India’s Face Recognition Program is Moving to the Next Phase

By Bill Toulas / November 2, 2019

It is no secret that India wants to build a massive facial recognition database and link it with their central Aadhaar citizen identification system. For those who aren’t familiar with it, Aadhaar is a 12-digit identity number that is accompanied by biometric and demographic data. Indians can get it after having their face, iris, and all their fingers scanned. Now, the Indian government has expressed its intention to move the facial recognition program forward through a relevant proposal by the National Crime Records Bureau. The relevant request for proposal suggests the procurement of a National Automated Facial Recognition System (AFRS).

According to the proposal document, the goal is to create a facial recognition database that the police on all seven union territories would have access to and to do so in just 30 weeks. Many citizens (89%) have already provided their face images for Aadhaar, so there’s already enough material to use for the population of the database. Whether or not the remaining 11% will be forced to a face scan hasn’t been clarified, but considering that the Aadhaar ID is needed for everything in India, the percentage of people who don’t have one is steadily decreasing.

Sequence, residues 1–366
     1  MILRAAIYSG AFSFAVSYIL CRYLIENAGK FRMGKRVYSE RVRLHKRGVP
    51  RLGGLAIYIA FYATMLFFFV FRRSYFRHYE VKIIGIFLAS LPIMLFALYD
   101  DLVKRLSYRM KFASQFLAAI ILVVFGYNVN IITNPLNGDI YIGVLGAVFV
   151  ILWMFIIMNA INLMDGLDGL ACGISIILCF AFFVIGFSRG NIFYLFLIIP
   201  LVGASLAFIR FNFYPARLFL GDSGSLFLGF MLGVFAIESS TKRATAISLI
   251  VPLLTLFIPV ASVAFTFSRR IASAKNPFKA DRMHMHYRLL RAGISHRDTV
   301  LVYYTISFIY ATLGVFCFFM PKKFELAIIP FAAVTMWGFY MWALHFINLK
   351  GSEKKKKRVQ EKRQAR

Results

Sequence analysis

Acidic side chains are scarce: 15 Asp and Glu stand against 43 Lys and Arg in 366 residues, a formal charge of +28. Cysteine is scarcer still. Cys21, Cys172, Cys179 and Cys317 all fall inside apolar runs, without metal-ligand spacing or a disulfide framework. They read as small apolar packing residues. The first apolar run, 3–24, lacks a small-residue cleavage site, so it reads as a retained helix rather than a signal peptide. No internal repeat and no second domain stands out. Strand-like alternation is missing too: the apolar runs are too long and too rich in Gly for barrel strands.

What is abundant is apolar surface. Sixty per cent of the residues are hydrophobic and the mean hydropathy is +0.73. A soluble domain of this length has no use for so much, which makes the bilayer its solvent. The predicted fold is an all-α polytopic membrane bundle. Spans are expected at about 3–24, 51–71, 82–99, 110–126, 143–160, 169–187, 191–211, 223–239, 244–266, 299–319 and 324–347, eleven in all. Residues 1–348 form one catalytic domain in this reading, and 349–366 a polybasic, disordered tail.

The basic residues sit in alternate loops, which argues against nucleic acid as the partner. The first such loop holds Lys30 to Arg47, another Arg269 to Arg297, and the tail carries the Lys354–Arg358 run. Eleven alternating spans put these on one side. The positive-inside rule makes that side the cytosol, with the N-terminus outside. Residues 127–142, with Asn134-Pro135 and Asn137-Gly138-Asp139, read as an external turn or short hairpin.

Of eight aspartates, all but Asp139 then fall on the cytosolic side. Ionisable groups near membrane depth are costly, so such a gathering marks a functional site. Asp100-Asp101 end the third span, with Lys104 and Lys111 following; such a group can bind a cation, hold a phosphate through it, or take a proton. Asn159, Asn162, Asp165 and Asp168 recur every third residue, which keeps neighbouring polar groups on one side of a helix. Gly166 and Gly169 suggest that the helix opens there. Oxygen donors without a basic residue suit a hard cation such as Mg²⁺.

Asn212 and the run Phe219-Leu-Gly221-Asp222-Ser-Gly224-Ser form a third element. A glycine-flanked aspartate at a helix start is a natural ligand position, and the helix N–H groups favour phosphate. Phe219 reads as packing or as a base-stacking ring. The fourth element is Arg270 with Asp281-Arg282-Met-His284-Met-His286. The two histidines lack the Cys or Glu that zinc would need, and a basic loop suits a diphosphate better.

The facial recognition system that is proposed should be able to match the database entries with a photograph, a sketch/drawing, or a capture from a CCTV feed. The requirements that are set were pretty rigorous, expecting the system to even work with low image quality, varied lighting conditions, small image size, bearded faces, slanted faces, and aged images. Even people who have undergone plastic surgery are expected to still be recognized and correlated with database entries. Finally, there is a whole section dedicated to the integrity, confidentiality, and availability of the information in the database, and this is where the worries begin.

About a year ago, Aadhaar’s biometric system was compromised by hackers who were able to generate fake ID numbers at will. Moreover, leaks such as the one that we reported in February can potentially compromise highly sensitive private information. Remember, biometric data that correlate the identities of people with their face cannot be reset after they have been compromised. Whatever protections are implemented, the possibility of backdoors or vulnerabilities that malicious actors can exploit in order to gain access to the database is always there. With the government expressing their intention to move forward, it is now up to the citizens of India to decide if they will accept the associated privacy risks or not.

Do you oppose the plans, or are you happy with the national facial recognition system that was proposed? Let us know where you stand in the comments down below, or on our socials, on Facebook and Twitter.

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